A group of dental and dental hygiene students at the University of Illinois at Chicago pick up instruments and prepare to begin a procedure. In their hands, their tools gently rub against the teeth and underneath the gums, feeling for calculi on the tooth root, measuring pocket depth, and searching for periodontal abnormalities.
These students, however, are not practicing on patients. They're using a computer equipped with a 3-D training system to improve their skills.
Researchers at UIC's colleges of dentistry and engineering are collaborating to develop a life-like training simulator called PerioSim, which uses haptic virtual reality technology.
Over the past several years, dentistry has begun using simulators to train students, but the programs traditionally use tracker technology, not haptics, said Dr. Arnold Steinberg, professor of periodontics at UIC and project leader.
With the PerioSim, students guide a stylus on-screen that resembles an explorer -- a sharp, pointed instrument used by dentists during an examination. They can feel life-like tactile sensations as they navigate through various procedures.
The device also provides a way for professionals and students to further refine their skills even after having experience with patients, he said.
Students can access PerioSim via the Internet. A realistic 3-D human mouth is shown in real-time, and the user can adjust the model position, viewpoint and transparency level.
The haptic device allows the student to feel the sensations in the virtual mouth, and a control panel lets the user choose different procedures to practice and instruments to use, Steinberg said.
The system allows instructors to create short scenarios of periodontal procedures, which can be saved and replayed at any time. The 3-D component permits students to replay from any angle, so the user can observe different views of the placement of the instrument and gingival relationships during a procedure, Steinberg said.
The recorded file can be viewed on any personal computer, and while not in 3-D, it is an actual representation of the original scenario, which offers great training potential, Steinberg said.
The program also allows for a second playback mode, where an instructor leads the trainee through the program. By simply holding onto the haptic stylus, the trainee receives the same sensations felt by the instructor.
Novint Technologies, Inc. (NVNT) is the pioneer of 3D touch for consumer computing.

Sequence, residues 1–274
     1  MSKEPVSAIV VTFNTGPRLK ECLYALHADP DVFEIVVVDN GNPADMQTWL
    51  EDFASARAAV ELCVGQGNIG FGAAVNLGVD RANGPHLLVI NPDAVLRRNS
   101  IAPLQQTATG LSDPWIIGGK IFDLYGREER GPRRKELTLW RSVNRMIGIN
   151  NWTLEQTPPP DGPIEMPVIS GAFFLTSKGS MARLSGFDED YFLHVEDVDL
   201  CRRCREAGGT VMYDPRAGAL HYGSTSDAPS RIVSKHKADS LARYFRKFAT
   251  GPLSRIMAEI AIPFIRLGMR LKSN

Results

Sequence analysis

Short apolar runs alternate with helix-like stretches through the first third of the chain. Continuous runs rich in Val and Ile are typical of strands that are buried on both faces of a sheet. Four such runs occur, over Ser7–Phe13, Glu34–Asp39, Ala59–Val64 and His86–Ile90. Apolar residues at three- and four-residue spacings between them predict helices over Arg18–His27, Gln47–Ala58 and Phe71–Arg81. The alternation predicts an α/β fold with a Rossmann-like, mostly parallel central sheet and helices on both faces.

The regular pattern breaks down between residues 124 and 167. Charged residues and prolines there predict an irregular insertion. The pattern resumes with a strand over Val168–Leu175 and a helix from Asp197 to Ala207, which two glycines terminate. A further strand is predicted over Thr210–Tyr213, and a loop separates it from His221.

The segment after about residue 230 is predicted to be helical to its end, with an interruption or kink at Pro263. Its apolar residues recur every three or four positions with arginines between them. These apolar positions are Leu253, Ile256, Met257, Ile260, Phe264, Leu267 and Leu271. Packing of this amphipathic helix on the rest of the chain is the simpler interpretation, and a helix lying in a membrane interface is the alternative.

Novint is developing a new category of products that add high-fidelity interactive three-dimensional touch to computing, beginning with its introduction of the award-winning Novint Falcon.
Novint’s sense of touch connects us to the world around us and is an integral part of how we experience things, both physically and emotionally.
Games have incorporated increasingly sophisticated graphics and sound design, but none have added realistic touch. In the past, the expense of 3D touch (haptic) hardware made the technology cost-prohibitive, but the Novint Falcon, which is, in essence, a small robot is designed to be an affordable consumer device. The Falcon allows players to feel weight, shape, texture, dimension, dynamics and force feedback. Using the Falcon, players feel a character’s actions instead of controlling a game through mouse clicks or meters. Players feel the weight of a basketball as they shoot it towards a hoop – the momentum and impact as they swing a virtual golf club and strike a ball – the recoil of a weapon – or the characteristics of virtual objects and environments, making gameplay more natural and realistic.
Novint is uniquely qualified to bring this revolutionary technology to market. As a leading developer of commercial touch applications, Novint has worked with clients including Lockheed Martin, Chrysler, Chevron, Mobil, Aramco, and Harvard University.
Based in Albuquerque, New Mexico, Novint has an exclusive worldwide license to over five years of pioneering research from Sandia National Laboratories, which developed some of the first 3D touch software in the world, and has developed the only low-cost (sub $1000) high-fidelity hardware solution available for consumer or commercial applications.
For the complete Falcon development background please visit The Falcon Has Landed article, from Business Week.